Getting People On Their Bike

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It is clear that the world would be a better place if more people biked more often. The benefits of cycling are numerous, for individuals, communities and companies. It’s a great source of exercise, it’s virtually free, and it reduces traffic congestion and pollution. For organisations, there is increasing evidence that cycling to work can even have an impact on employee wellbeing and productivity.

For all its benefits, those choosing to commute to work by bike are in the minority. In Australia cities, less than 2% of trips to work are undertaken on a bike.

A lot of barriers exist, both physical and perceptual. A major NSW study of the main barriers to commuter cycling found four dominant themes:

  • The negative image of cyclists and cycling amongst non-cyclists.
  • The perceived danger of cycling, and commuter cycling in particular, due to perceived or actual lack of safe places to cycle, and the fear of being hit by a motorist.
  • The lack of facilities to store or lock up bicycles.
  • Little or no understanding or acknowledgement of the benefits of cycling.

It is interesting to note that two, and arguably a third, of these barriers relate to attitudes and perceptions. Any attempt to increase cycling rates needs to start with understanding those barriers and deliberately addressing them. There are also some good tips in this article. In particular, identifying those people for whom cycling is a realistic alternative is good advice. It may be a tall order to convince someone whose morning commute consists of a 30km journey and two school drop-offs that they should do it all on a bike.

There are a few ways in which people can be more effectively encouraged to cycle to work. One of these ways is to appeal to things that people value. For instance, even though the main aim of a particular group may be to reduce the environmental impact of driving to work, this may not be the most compelling reason for commuters to get on their bike. Emphasising the health benefits may have a greater pull. The Manchester Friends of the Earth group chose exactly this tactic in their 2006 Love Your Bike campaign some years ago. Although a primarily environmentally-focused group, they decided that the best tactic was to focus on the personal benefits of cycling, such as convenience, speed and fitness. Knowing what your target audience values most, and tailoring your message to appeal to those values, is likely to be more effective than getting them to prioritise your values.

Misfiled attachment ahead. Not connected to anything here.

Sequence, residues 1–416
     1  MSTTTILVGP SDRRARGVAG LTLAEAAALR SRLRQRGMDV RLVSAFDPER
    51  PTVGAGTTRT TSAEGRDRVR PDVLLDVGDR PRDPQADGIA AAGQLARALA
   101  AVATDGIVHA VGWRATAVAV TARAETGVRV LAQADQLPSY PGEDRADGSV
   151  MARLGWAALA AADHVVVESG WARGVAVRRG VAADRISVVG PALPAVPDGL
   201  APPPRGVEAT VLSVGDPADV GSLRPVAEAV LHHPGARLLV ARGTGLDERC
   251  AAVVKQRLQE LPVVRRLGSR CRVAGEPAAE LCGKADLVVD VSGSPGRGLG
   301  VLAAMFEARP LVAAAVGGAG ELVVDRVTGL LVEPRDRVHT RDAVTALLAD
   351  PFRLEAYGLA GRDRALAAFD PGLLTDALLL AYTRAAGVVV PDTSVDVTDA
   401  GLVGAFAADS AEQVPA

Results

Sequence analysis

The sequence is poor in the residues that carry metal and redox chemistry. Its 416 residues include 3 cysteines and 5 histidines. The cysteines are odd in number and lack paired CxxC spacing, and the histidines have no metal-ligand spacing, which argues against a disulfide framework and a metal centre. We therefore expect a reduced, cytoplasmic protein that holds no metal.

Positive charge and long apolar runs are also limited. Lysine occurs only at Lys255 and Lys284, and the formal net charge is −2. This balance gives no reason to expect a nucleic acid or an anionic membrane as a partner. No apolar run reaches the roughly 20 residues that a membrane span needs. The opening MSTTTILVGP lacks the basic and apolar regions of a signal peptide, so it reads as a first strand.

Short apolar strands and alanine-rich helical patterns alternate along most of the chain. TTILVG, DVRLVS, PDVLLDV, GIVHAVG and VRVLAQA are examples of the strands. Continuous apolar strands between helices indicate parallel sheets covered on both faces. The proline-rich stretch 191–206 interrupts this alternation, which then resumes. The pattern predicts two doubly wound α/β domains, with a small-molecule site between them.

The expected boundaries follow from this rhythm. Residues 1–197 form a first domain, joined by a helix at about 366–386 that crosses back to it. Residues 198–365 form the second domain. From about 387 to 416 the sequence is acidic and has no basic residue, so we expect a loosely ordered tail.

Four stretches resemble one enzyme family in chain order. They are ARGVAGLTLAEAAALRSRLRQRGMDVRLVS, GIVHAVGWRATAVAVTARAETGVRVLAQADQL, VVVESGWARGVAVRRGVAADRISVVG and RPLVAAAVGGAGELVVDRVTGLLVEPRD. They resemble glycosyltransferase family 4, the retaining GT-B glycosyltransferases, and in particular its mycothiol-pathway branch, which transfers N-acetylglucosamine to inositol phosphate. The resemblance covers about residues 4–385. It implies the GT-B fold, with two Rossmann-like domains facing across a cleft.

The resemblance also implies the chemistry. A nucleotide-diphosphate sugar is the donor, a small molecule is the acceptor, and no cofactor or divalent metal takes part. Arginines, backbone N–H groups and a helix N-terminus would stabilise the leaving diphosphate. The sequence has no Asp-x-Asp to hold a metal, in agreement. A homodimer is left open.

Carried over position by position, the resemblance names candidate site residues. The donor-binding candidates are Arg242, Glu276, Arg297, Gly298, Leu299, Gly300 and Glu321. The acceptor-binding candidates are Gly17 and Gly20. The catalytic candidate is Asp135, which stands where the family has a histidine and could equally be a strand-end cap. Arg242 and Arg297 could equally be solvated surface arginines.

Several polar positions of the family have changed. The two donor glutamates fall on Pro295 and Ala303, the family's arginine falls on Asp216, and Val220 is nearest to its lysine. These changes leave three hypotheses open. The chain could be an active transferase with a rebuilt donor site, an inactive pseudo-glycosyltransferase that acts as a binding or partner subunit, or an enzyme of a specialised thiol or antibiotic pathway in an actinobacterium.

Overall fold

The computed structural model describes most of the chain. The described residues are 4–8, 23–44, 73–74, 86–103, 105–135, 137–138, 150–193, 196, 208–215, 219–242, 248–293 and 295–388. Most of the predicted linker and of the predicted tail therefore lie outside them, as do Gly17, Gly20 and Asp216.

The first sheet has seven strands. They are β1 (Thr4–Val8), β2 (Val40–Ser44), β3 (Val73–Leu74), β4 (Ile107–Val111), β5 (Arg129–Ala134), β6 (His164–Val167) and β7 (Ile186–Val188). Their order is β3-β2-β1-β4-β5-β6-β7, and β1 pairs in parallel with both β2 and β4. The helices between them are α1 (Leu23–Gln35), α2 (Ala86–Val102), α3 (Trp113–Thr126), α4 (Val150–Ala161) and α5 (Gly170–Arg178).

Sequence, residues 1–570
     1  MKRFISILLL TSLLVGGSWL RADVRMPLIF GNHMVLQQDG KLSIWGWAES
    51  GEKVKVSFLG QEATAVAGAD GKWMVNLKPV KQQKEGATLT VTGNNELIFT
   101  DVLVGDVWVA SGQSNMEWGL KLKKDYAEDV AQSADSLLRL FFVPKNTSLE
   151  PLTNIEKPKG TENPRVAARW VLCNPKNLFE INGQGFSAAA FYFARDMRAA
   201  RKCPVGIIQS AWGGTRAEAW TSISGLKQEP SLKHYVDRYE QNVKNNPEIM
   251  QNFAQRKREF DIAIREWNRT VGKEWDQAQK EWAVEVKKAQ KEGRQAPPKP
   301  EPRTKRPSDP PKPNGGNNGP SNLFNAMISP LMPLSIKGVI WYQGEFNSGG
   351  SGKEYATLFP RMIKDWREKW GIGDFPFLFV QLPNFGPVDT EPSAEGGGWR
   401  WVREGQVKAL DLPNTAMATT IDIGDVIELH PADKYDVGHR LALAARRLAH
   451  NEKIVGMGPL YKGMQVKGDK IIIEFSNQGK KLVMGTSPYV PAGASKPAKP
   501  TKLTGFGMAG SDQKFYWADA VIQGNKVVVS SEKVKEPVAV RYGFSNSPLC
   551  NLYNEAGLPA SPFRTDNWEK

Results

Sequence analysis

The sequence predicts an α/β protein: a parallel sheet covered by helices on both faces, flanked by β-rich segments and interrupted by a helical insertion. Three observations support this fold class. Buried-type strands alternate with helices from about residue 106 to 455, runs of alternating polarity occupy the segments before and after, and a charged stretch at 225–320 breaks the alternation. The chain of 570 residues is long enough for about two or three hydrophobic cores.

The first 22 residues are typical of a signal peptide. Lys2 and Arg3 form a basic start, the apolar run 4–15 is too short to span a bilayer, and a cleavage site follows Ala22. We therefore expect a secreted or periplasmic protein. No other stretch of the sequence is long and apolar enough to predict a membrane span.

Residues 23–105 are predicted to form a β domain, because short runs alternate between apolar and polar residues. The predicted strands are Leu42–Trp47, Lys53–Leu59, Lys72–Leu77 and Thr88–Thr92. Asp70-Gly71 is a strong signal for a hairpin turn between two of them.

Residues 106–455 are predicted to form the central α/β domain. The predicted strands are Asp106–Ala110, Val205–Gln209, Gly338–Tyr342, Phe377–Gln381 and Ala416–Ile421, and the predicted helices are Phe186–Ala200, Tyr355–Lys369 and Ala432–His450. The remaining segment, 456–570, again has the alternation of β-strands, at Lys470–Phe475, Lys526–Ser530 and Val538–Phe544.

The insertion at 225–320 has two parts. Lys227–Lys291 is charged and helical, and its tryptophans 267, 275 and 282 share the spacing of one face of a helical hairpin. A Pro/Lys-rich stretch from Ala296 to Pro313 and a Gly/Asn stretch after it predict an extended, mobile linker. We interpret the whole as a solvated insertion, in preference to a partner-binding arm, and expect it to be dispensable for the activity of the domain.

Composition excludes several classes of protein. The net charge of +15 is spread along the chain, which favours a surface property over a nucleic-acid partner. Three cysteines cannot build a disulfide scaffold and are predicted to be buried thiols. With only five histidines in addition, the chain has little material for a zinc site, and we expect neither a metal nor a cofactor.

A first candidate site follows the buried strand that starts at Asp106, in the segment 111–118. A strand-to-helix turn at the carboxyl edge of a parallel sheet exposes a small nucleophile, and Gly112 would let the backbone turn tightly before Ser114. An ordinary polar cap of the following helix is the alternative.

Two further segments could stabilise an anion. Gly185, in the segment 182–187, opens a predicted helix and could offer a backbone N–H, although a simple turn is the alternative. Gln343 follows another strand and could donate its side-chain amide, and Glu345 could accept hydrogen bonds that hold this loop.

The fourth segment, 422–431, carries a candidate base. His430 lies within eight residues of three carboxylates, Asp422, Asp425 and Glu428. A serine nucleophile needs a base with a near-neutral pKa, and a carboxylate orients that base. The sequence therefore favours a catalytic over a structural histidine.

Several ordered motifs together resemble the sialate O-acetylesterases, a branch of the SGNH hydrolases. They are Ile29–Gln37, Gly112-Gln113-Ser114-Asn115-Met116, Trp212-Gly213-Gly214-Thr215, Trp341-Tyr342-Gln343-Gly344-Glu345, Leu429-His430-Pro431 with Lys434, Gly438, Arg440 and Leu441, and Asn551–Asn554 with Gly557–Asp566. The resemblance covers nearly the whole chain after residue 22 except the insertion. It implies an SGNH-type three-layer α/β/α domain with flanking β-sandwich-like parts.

Another approach to promoting bike commuting is to recognise that the way we get to work is a fairly habitual behaviour. Many people do it unconsciously and as part of a routine, without really reviewing whether it is still the best option for them.

Previous editions of Wake-Up Call have examined the way in which habits work, and how we can influence their change. One of the most valuable insights this research shows is the steps people typically go through when changing a habit. The key learning is that we don’t generally change from one habit straight to another. There is a process of awakening, reflecting, trialling and evaluating that we go through. The October 2012 edition of Wake-Up Call uses the example of cycling to illustrate how a change of habit to bike commuting can be supported.

The negative perception of cyclists identified in the NSW study above was echoed in another Australian study, which found that many people perceive cycling to be a low-status, non-mainstream activity. Many associate it as either uncool, or that cyclists take themselves too seriously. This suggests that cycling is in need of a makeover. We know from research into social norms that people are influenced most by what “people like me” are doing. As long as we see cycling as something only done by greenies and way-too-serious lycra-clad road warriors, the number of commuter trips done by bike will stay in single figures.

The good news is that cycling to work is on the increase, allowing a positive angle for those who would invoke social norms to promote cycling. Sure, a figure under 2% of total trips hardly inspires envy. But that still represents an increase of 36% across all large Australian cities from 2006-2011 – a far more compelling story when providing evidence aimed at encouraging people to get on the two-wheeled bandwagon.

Finally, research repeatedly shows that safety represents the biggest barrier to people cycling more. While this is a real concern, especially where biking infrastructure is lacking, a big part of it is perceptual as well. There is clear evidence, for instance, that safety actually increases as more people cycle, as outlined in this 2008 paper. Training and supporting people about the safest routes to take, ways to minimise accidents, and the realistic rather than perceived risks, are all ways in which this barrier can begin to be addressed. Of course, investing in safer bike infrastructure is probably the thing that will most change this perception.

In summary, there are so many benefits to biking, that we just need to find a way of making it easy, safe and compelling for people to make it a habit. By understanding the barriers and supporting people to overcome them, a large proportion of the population could find a healthier, greener and more relaxed way to get around.

By CERES Education – Outreach Team|2017-11-06T18:04:57+10:00September 30th, 2013|0 Comments